Emily S
Mongogo looks really similar to the tatume squash I enjoyed this year. Same shape, same color, same growth habit, and it’s described as having a delicious flavor. I’ve also heard tatume called “Mexican squash,” so I bet the two varieties are very closely related, perhaps even the same thing. Yeah, I’m sure that’ll be a good one to try! Desi catches my eye. Small bush plants, the fastest to fruit, and productive yummy squash sounds really good.

I’m thinking what I’m going to be selecting for in future is: - Delicious unripe. - Delicious ripe. (I can’t decide which one matters more. I think they matter equally. Happily, I’ve noticed there’s a strong correlation.) - Thornlessness. (That really does matter to me.) - Smooth rinds that are easy to cut. Thick and thin are both okay. - Drought tolerance. - High productivity. I think in that order. Bonuses I want, if I can get them: - Powdery mildew resistant. - Parthenocarpic, so I’ll still get fruit when it’s late in the season and the pollinators aren’t as active as they were earlier. - Bush habit. And a wide variety of colors, shapes, and flavors that are all delicious would be great. A variety of textures would be fine with me, too. And a variety of rind thicknesses. I like the bumpiness of spaghetti squash strings. I find it pleasurable to eat. I don’t like the spiderweb-like mess of very thin, tangled, clumpy strings that some squashes have. That’s unpleasant. I’ll select against that. Either no strings or very thick and smooth strings are both great. Likewise, very thin rinds are great for eating the rinds, and very thick rinds are great for shelf life. I like them both for different reasons, and will probably not select against either of them. If I have to choose between them, I will probably favor the thick rinds, because shelf life is awesome. I really liked this year’s spaghetti zucchini for having thin, soft rinds while young and hard, thick rinds while older. That seems like the best of both worlds. I will definitely select against warty tough rinds. Like in Yellow Crookneck and Early Prolific Straightneck. I intensely dislike that kind of rind. It’s a pain in the neck to deal with, and I don’t find the bumps pleasant to touch, either. Only smooth rinds for me!

I’ve posted before about my spaghetti zucchini cross. Well, last night I decided to open up one of the ones I’ve been storing for twelve weeks.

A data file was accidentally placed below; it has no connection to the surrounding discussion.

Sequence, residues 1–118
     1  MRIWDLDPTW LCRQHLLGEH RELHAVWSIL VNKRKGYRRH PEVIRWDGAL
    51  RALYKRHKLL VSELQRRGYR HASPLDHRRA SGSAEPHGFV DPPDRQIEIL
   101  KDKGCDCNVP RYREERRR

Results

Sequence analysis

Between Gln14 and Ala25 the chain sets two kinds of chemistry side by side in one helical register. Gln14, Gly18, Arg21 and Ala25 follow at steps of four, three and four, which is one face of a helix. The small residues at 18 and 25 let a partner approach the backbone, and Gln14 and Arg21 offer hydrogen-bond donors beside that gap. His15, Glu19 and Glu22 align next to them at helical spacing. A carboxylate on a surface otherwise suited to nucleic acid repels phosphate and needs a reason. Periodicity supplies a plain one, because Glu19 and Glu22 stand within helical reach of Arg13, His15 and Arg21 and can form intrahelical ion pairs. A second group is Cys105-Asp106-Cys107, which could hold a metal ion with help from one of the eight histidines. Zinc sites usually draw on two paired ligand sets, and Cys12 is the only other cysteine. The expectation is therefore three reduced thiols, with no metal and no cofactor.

For context, I harvested it after only two weeks on the plant. This was in the middle of the heat of the summer, so squash fruits were growing quickly.

It’s been sitting in my closet for about three months now, along with twelve others. They’re all still hard as a rock, with very thick rinds, and with no signs of rotting. The rinds have started turning from green to either dark yellow or orange. My hope was that they were maturing into marrows off the plant. Today, I decided to try one and find out.

I chose one that was almost entirely orange, instead of the dark green it was when I harvested it. It’s long like a zucchini, but fatter than is usual for zucchinis.

I opened it up. The flesh was no longer white or pale yellow – instead, it was a medium-orange color, firm and excellent looking. I tasted some raw. Tasty. I checked the seeds. They’re fat and hard and look like they may be viable.

I may have harvested them way too early for the seeds to be viable (I wasn’t trying to grow them for seeds), but some of them sank when I put them in water, so hopefully not!

It was grown alongside a bunch of other F1 seeds from the cross, this phenotype being the most common and most vigorous, so many of those seeds are likely to be F2.

The flesh tastes good cooked, and it has pronounced strings exactly like spaghetti squash, which I like. I suspect the other fruits will taste even better, since I’m planning to leave them to sit for weeks longer. Those really hard rinds seem to be awesome for storage.

In any case, I’m very pleased with this cross. People made dire warnings that I would get the worst of both varieties, but I kind of think I got the best of them both instead. I just needed to accept that zucchinis with hard rinds don’t have to be a bad thing. :wink:

The flavor of the marrow is very interesting. It has kind of a floral taste. It’s not what I’m used to, so at first I wasn’t sure what I thought about that, but it’s not worse; just different. Having different flavors in my pepo landrace (that are all good) is probably a good way to make sure I don’t get tired of them, so I think I’m going to say this different flavor is a desirable trait

Update: That was an orange-rinded marrow. The flavor of the yellow-rinded marrow I just tried is different! It tastes exactly like a spaghetti squash, a little bit creamy in flavor, but a bit milder and sweeter. It tastes like what a yellow squash wishes it were. (In my opinion, anyway.) If they all follow this pattern, the orange-rinded ones will be good, and the yellow-rinded ones will be even better.

Shame I can’t send in some seeds from the yellow-rinded one to go along with the seeds from the orange-rinded one – I’m sure it’s too late by now. But I can send seeds from both flavors next year!

Awesome!!! The word on this pepo just keeps getting better. I for one am all for ignoring dire warnings when the stakes are manageable.

Some of these zuggheti squashes went to the grab bag right? I would love to plant some next year

Ha ha! Yeah, I know what you mean. When people gave dire warnings, I was like, “Oh, whatever. What’s the worst that can happen? I don’t like the results and have to rip them out and replant with seeds from pure varieties? Big whoop de doo.” Low cost of failure + high reward from success = an experiment worth trying.